Kernel module

This kernel module implements a basic interface to the IVSHMEM device for Looking Glass in VM → VM mode.

Additionally in VM → host mode, it can be used to generate a shared memory device on the host machine that supports dmabuf.


The Linux kernel headers for your kernel version are required for building. Install them with apt-get

apt-get install linux-headers-$(uname -r)

Then switch to the module/ directory

cd module/

Compiling & loading (manual)

To compile the module manually, run make in the module directory.


For VM → VM mode, run:

insmod kvmfr.ko

For VM → host mode with dmabuf, instead of creating a shared memory file, load this module with the parameter static_size_mb. For example, a 32 MiB shared memory device can be created with:

insmod kvmfr.ko static_size_mb=32

Multiple devices can be created by separating the sizes with commas. For example, static_size_mb=128,64 would create two kvmfr devices: kvmfr0 would be 128 MB and kvmfr1 would be 64 MiB.


If you have already loaded an older version of the module, unload it first. You can do this by rebooting, or with rmmod:

rmmod kvmfr.ko


The module will create the /dev/kvmfr0 node, which represents the KVMFR interface. To use the interface, you need permission to access it by either: creating a udev rule to ensure your user can read and write to it, or simply change its ownership manually, i.e.:

sudo chown user:user /dev/kvmfr0

As an example, you can create a new file in /etc/udev/rules.d/99-kvmfr.rules with the following contents:

SUBSYSTEM=="kvmfr", OWNER="user", GROUP="kvm", MODE="0660"

(replace user with your username)

Usage with Looking Glass is simple, you only need to specify the path to the device node, for example:

./looking-glass-client -f /dev/kvmfr0

You may also use a config file: ~/.looking-glass-client.ini, or /etc/looking-glass-client.ini.


VM → Host

In VM → host mode, use this device in place of the shared memory file.


Add the following arguments to your qemu command line:

-device ivshmem-plain,id=shmem0,memdev=looking-glass
-object memory-backend-file,id=looking-glass,mem-path=/dev/kvmfr0,size=32M,share=yes


The size argument must be the same size you passed to the static_size_mb argument when loading the kernel module.


Starting with QEMU 6.2 and libvirt 7.9, JSON style QEMU configuration is the default syntax. Users running QEMU 6.2 or later and libvirt 7.9 or later, should use this XML block to configure their VM for kvmfr:

  <qemu:arg value='-device'/>
  <qemu:arg value='{"driver":"ivshmem-plain","id":"shmem0","memdev":"looking-glass"}'/>
  <qemu:arg value='-object'/>
  <qemu:arg value='{"qom-type":"memory-backend-file","id":"looking-glass","mem-path":"/dev/kvmfr0","size":33554432,"share":true}'/>


  • The "size" tag represents the size of the shared memory device in bytes. Once you determine the proper size of the device as per Determining Memory, use the figure you got to calculate the size in bytes:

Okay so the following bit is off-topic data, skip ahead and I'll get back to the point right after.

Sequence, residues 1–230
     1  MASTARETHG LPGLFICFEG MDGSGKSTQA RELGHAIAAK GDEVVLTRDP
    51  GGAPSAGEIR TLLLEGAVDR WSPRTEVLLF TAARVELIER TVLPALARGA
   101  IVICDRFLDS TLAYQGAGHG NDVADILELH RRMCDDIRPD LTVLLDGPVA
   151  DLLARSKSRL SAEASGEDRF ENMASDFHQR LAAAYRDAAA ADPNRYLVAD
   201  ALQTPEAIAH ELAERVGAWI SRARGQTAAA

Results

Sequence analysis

size_in_MB x 1024 x 1024 = size_in_bytes

If you are running QEMU older than 6.2 or libvirt older than 7.9, please use legacy syntax for IVSHMEM setup:

  <qemu:arg value='-device'/>
  <qemu:arg value='ivshmem-plain,id=shmem0,memdev=looking-glass'/>
  <qemu:arg value='-object'/>
  <qemu:arg value='memory-backend-file,id=looking-glass,mem-path=/dev/kvmfr0,size=32M,share=yes'/>


  • Using the legacy syntax on QEMU 6.2/libvirt 7.9 may cause QEMU to abort with the following error message: “error: internal error: ... PCI: slot 1 function 0 not available for pcie-root-port, in use by ivshmem-plain

  • Remember to add xmlns:qemu='' to the <domain> tag.

Running libvirt this way violates AppArmor and cgroups policies, which will block the VM from running. These policies must be amended to allow the VM to start:

  • For AppArmor, create /etc/apparmor.d/local/abstractions/libvirt-qemu if it doesn’t exist, and add the following:

    # Looking Glass
    /dev/kvmfr0 rw,
  • For cgroups, edit /etc/libvirt/qemu.conf, uncomment the cgroup_device_acl block, and add /dev/kvmfr0 to the list. Then restart libvirtd:

    sudo systemctl restart libvirtd.service


For convenience, you may load the KVMFR module when starting your computer. We can use the systemd-modules-load.service(8) service for this task.

Create the file /etc/modules-load.d/kvmfr.conf with the following contents:

# KVMFR Looking Glass module

This will now run the next time you start your machine.

If you are running in VM → host mode, you must additionally create another file /etc/modprobe.d/kvmfr.conf to properly set the size. It should have the following contents:

#KVMFR Looking Glass module
options kvmfr static_size_mb=32


Don’t forget to adjust static_size_mb to your needs.